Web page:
Year
1960
Month Day
April 04

"Ben-Hur" wins 11 Academy Awards

Clocking in at three hours and 32 minutes, William Wyler’s Technicolor epic Ben-Hur is the behemoth entry at the 32nd annual Academy Awards ceremony, held on this day in 1960, at the RKO Pantages Theatre in Hollywood. Setting an Oscar record, the film swept 11 of the 12 categories in which it was nominated, including Best Picture, Best Director and Best Actor (Charlton Heston).

Wyler’s 1959 film was the latest dramatic adaptation of the mega-bestselling novel Ben-Hur: A Tale of the Christ, published in 1880 by Lew Wallace. Wallace, a former general in the American Civil War, wrote his most successful novel after experiencing a new awakening of his Christian faith. The book told the story of a young Jewish aristocrat, Judah Ben Hur, who chafes against the repressive Roman rule in Judea, loses his fortune and his family, but eventually triumphs over obstacles (thanks partially to the intervention of Jesus Christ).

After Wallace’s novel was adopted into a long-running stage play in 1899 and a short film in 1907, Metro-Goldwyn-Mayer bought the film rights and produced a major motion-picture version, directed by Cecil B. DeMille, in 1925. After DeMille scored a hit with a remake of his own 1923 biblical epic The Ten Commandments (1956), MGM decided to revive Ben-Hur as well. Wyler had worked on the set of DeMille’s 1925 version and the square-jawed Heston played Moses in The Ten Commandments.

Filmed on location in Italy, on a budget of some $15 million, Ben-Hur was the most expensive movie ever made up to that point. The film’s famous chariot race scene alone took three weeks to shoot and used some 15,000 extras. The setting for the race was constructed on 18 acres of back-lot space at Cinecitta Studios outside Rome. Aside from a few of the most daredevil stunts, Heston and Stephen Boyd (who played Messala, Judah Ben-Hur’s boyhood friend turned bitter enemy) did most of their own chariot driving. The payoff was big: Writing in his review of the film for the New York Times, Bosley Crowther called the scene a “stunning complex of mighty setting, thrilling action by horses and men, panoramic observation and overwhelming dramatic use of sound.”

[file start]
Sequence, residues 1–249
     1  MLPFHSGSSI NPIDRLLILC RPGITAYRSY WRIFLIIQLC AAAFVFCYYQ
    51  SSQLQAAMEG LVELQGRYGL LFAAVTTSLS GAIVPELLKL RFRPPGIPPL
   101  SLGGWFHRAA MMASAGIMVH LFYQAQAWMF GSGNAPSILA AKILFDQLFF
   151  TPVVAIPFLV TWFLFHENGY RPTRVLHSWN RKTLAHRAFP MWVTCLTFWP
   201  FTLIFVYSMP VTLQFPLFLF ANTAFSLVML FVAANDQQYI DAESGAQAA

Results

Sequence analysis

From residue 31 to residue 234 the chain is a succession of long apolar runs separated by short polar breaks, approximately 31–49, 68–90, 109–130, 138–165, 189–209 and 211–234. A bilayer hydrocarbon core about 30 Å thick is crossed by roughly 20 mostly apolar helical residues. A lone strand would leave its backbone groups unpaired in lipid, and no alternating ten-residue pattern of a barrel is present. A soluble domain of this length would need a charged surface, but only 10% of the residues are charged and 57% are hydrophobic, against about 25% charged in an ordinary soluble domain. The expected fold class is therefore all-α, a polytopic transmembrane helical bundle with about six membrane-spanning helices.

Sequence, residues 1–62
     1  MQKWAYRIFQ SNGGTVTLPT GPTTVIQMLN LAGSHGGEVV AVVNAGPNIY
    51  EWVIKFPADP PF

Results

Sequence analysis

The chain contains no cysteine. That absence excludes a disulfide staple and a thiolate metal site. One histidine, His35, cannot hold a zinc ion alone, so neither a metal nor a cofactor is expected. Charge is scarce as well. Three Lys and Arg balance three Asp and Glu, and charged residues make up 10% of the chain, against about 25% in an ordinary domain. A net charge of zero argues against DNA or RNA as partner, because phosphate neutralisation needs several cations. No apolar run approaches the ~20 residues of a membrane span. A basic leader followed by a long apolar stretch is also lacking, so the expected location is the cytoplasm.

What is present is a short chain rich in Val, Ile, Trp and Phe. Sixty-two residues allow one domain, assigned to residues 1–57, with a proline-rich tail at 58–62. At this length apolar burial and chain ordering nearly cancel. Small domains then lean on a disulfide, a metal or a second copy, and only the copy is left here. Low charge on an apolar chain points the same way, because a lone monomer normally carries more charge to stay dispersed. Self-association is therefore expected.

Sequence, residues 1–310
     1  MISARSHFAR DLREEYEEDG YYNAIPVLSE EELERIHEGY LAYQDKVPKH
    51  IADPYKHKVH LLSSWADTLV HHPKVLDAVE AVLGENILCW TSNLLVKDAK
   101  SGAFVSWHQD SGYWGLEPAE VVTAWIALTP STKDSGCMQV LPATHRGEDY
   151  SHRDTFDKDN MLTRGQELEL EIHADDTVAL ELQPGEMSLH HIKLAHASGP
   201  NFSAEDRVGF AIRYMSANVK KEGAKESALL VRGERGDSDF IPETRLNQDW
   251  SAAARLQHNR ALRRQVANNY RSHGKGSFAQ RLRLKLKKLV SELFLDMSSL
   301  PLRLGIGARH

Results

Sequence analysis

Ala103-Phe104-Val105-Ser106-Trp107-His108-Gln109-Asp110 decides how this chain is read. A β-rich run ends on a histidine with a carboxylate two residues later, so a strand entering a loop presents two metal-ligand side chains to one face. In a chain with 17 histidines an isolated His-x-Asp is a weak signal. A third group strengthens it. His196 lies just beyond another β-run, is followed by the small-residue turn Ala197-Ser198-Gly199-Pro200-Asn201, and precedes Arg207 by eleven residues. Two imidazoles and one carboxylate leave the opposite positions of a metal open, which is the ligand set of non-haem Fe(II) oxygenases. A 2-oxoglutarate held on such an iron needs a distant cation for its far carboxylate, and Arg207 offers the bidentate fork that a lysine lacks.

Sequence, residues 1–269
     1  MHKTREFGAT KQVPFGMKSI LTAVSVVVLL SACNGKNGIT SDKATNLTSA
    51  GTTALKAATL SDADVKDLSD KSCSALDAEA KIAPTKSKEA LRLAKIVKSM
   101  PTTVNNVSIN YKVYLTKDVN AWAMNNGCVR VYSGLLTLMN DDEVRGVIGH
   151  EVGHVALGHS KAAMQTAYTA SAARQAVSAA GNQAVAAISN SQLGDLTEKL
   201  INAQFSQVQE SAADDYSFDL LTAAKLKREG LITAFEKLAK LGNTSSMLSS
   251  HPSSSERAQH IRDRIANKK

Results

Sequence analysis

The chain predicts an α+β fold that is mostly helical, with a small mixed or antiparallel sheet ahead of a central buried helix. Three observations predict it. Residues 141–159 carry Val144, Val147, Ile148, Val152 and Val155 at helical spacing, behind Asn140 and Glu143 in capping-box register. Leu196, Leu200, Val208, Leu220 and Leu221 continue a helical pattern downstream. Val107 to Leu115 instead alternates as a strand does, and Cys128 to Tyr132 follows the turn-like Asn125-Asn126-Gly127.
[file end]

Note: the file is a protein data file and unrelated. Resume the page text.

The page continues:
At the 1960 Oscars, Ben-Hur swept 11 categories, including Best Picture, Best Director, Best Actor, Best Supporting Actor (Hugh Griffith, playing an Arab sheik who befriends Ben-Hur), Best Color Cinematography, Best Color Art Direction/Set Direction, Best Sound, Best Score, Best Film Editing, Best Color Costume Design and Best Special Effects. It was also nominated in the Best Adapted Screenplay category. Ben-Hur’s record number of Oscars still stands, although two films (1997’s Titanic and 2003’s The Lord of the Rings: The Return of the King) have matched it.

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